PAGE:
Last month, the London-headquartered global real estate investment manager Forum Partners told PERE it had scrapped plans to launch its fourth opportunistic Asia fund.
Forum Asia Realty Income Partners IV was never officially brought to market, but the groundwork for the vehicle had started last year and the firm had plans of raising around $500 million to invest in mezzanine debt investments.
Instead, the firm will now be making investments on a deal-by-deal basis via the Global Investment Vehicle, a €200 million co-investment platform backed by its own balance sheet, and seed capital from Groupe La Française Asset Management, a French asset manager and 19 percent institutional shareholder in Forum Partners.
In another marked change in investment strategy, the firm also said it will no longer be actively seeking investments in standalone commercial assets like the Grade B property in Osaka it acquired for $25 million last year on behalf of the $375 million Forum Asia Realty Income Partners III. It will now focus on acquiring interests in real estate operating platforms via GIV and also look to raise third-party institutional capital on a deal-by-deal basis.
Forum’s decision to abandon commingled funds and standalone commercial assets for now is not limited to Asia, but rather a revised investment approach it has adopted on a global scale. The firm also runs an opportunistic fund series in Europe, of which the latest was the Forum European Realty Income IV launched with a $479.1 million target, according to PERE research. The fund was closed on $67 million in July 2014.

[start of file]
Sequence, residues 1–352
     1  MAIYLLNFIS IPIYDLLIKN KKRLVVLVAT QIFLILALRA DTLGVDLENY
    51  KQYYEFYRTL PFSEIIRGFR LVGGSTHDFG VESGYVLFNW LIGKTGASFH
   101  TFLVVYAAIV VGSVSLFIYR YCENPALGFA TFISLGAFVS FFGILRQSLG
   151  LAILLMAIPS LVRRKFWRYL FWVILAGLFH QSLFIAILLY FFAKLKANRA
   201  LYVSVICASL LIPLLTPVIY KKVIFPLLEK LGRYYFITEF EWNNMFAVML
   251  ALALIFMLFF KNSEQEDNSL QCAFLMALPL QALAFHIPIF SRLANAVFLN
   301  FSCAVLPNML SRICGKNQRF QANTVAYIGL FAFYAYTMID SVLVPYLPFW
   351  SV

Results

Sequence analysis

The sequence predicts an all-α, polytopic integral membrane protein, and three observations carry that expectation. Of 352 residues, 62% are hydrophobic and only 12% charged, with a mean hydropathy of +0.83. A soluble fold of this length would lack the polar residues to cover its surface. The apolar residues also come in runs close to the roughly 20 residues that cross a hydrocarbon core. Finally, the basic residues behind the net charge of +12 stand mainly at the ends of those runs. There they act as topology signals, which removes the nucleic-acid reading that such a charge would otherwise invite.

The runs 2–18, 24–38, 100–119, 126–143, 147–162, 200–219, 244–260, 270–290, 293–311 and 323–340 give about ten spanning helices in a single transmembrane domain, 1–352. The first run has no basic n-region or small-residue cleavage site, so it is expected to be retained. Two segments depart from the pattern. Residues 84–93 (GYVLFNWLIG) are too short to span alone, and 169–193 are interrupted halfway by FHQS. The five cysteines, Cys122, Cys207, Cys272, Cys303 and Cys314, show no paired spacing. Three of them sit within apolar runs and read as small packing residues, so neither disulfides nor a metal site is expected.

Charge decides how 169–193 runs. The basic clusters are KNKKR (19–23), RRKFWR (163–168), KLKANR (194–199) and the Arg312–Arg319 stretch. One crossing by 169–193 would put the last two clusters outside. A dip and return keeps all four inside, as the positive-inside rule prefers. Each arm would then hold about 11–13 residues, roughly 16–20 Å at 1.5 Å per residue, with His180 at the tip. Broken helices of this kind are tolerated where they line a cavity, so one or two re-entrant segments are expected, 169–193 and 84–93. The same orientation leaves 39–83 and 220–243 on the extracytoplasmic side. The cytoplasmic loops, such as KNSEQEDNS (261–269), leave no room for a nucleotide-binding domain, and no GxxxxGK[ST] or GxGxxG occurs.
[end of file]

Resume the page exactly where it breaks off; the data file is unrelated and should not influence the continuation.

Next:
In an exclusive interview with PERE, Russell Platt, chief executive of Forum, said the opportunities for value creation are currently far more compelling in co-investments than funds. “Some time ago I was asked, ‘Are you an investor or a fund manager?’ That made me wonder if we had lost our way and become fund managers, and were no longer investors? The implication of that question was concerning because if you are a fund manager you are reliant on asset management,” he said. “With the GIV, what we have is the ability to focus on a small number of deals. You don’t really need to have a large bulk of AUM to run a very good investment shop. At the end of the day, it is all about excellence in your investment results.”
“If you are building what we are – great investment platforms in partnership with management teams – you can make good money if you have the ability to bring in co-investment partners and create deal-by-deal promotes and economies. The message we are spreading is that we are not fund managers. We are investors.”
Mid-teen returns are being targeted from the investments made via the GIV. In contrast, the expected opportunistic returns for the now-scrapped Asia Fund IV were understood to be around 18-20 percent.
Forum had a similar return target for its Asia Fund III, according to a marketing document viewed by PERE in 2012. However, a spokesperson for the Teacher Retirement System of Texas, which invested $200 million in Fund III, told PERE that the pension system’s investment in the fund was generating a 10.88 percent return as of the end of March this year.
One person familiar with Forum’s revised strategy said it was also partly prompted by changing investor preferences. “Investors these days tend to move in cycles. And right now their interest in blind-pool funds has waned significantly. There seems to be much more of a focus on controlling their own destiny,” he said.